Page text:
Can radio carbon dating wrong

Creationists often criticize radiocarbon dating in the context of discussions of the age of the earth.

But, as is clear even from the very brief discussion in the previous paragraph, radiocarbon dating can say nothing one way or the other about whether the earth is many millions of years old, since such dates are far beyond this method's range of resolution.

Several factors affect radiocarbon test results, not all of which are easy to control objectively.

For this reason, it’s preferable to date objects using multiple methods, rather than relying on one single test.

Carbon dating is reliable within certain parameters but certainly not infallible.

When testing an object using radiocarbon dating, several factors have to be considered: First, carbon dating only works on matter that was once alive, and it only determines the approximate date of death for that sample.

Since it is chemically indistinguishable from the stable isotopes of carbon (carbon-12 and carbon-13), radiocarbon is taken by plants during photosynthesis and then ingested by animals regularly throughout their lifetimes.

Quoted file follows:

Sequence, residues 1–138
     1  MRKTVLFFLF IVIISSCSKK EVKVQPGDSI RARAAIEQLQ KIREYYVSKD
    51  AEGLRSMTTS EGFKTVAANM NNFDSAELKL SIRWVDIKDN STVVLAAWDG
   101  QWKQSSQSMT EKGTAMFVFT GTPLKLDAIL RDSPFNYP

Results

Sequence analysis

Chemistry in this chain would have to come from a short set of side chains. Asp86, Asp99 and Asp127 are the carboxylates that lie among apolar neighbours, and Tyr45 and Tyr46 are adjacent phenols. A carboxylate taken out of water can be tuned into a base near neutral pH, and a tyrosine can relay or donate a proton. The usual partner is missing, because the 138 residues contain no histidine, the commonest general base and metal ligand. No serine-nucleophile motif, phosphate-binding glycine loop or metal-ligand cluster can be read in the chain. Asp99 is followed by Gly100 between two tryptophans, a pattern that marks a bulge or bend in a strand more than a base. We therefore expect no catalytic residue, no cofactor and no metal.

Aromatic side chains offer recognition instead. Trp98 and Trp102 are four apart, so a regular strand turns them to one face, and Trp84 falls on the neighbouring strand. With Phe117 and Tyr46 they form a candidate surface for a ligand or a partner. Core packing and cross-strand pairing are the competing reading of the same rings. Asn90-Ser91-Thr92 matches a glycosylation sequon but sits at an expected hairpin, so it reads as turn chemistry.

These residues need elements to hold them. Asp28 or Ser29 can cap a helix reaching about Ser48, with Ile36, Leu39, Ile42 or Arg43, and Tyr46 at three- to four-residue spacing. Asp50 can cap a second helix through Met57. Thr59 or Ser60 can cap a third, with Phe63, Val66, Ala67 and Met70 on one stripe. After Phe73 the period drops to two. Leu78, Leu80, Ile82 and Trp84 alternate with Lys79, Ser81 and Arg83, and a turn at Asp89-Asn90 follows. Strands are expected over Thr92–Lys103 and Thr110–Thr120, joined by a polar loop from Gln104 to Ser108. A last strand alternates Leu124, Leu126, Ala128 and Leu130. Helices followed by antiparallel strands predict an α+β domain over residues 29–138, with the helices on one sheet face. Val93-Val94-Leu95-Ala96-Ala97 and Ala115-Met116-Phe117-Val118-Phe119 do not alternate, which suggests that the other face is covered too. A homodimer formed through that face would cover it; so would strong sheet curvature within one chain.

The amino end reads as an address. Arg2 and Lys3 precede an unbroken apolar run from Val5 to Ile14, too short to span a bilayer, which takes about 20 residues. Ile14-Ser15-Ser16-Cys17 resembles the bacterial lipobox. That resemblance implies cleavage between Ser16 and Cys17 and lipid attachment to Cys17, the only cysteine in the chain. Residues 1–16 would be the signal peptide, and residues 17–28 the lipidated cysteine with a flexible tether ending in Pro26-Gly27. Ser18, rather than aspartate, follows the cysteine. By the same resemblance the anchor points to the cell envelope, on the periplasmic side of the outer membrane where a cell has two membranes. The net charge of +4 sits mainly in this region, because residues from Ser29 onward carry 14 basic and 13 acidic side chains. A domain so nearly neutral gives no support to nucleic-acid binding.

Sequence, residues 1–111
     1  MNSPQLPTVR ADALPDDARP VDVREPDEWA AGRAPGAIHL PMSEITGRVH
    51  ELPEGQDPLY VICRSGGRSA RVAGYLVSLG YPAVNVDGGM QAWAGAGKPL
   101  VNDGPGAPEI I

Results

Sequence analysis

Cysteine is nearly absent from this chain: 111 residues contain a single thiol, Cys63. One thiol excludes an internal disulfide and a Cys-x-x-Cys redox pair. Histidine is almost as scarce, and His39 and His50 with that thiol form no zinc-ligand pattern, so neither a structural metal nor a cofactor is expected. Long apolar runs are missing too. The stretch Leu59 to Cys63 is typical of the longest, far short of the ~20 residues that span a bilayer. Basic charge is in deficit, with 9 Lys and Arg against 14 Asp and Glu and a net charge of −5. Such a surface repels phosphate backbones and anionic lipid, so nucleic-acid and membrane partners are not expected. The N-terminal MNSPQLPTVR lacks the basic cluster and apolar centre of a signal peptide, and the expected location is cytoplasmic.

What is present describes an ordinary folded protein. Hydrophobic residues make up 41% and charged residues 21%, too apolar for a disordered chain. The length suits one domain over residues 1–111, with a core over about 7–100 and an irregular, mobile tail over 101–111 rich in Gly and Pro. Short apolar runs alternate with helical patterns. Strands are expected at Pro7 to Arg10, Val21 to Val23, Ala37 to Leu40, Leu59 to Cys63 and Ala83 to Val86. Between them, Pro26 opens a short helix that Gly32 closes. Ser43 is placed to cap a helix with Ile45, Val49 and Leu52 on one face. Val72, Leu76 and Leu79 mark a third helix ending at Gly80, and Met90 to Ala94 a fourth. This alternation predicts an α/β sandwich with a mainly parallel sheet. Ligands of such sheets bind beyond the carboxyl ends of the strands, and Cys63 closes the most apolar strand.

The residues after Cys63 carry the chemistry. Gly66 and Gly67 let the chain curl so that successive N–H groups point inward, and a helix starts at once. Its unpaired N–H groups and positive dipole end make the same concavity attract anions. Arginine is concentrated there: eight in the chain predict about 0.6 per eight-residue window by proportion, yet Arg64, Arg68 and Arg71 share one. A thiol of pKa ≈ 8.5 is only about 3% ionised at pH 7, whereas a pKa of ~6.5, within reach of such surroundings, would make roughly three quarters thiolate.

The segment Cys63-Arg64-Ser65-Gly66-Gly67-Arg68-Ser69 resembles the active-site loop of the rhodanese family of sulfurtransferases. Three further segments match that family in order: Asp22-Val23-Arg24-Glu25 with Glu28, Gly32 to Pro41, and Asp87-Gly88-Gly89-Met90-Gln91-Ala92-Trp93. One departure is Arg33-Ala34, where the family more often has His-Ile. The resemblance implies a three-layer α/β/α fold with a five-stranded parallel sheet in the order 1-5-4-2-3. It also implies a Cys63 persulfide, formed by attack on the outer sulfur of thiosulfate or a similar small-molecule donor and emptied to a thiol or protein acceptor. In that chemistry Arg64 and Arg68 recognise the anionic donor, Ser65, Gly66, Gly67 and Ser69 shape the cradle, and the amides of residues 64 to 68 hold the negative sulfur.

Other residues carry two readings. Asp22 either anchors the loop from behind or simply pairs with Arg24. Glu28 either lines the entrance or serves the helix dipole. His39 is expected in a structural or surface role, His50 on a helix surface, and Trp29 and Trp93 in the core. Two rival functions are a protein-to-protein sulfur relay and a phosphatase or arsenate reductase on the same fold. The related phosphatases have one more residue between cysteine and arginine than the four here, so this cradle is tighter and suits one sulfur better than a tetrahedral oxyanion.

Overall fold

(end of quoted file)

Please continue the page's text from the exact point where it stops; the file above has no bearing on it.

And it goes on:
When a plant or animal organism dies, however, the exchange of radiocarbon from the atmosphere and the biosphere stops, and the amount of radiocarbon gradually decreases, with a half-life of approximately 5730 years.

Their recent analysis of sediment from the largest freshwater lake in northeast China showed that its carbon clock stopped ticking as early as 30,000 years ago, or nearly half as long as was hitherto thought.For example, a steel spearhead cannot be carbon dated, so archaeologists might perform testing on the wooden shaft it was attached to.This provides good information, but it only indicates how long ago that piece of wood was cut from a living tree."The radiocarbon dating technique may significantly underestimate the age of sediment for samples older than 30,000 years,” said the authors of the report from the Chinese Academy of Sciences and Germany’s Leibniz Institute for Applied Geophysics.“Thus it is necessary to pay [special] attention when using such old carbon data for palaeoclimatic or archaeological interpretations," they added.The approach was a sensation when it was introduced.

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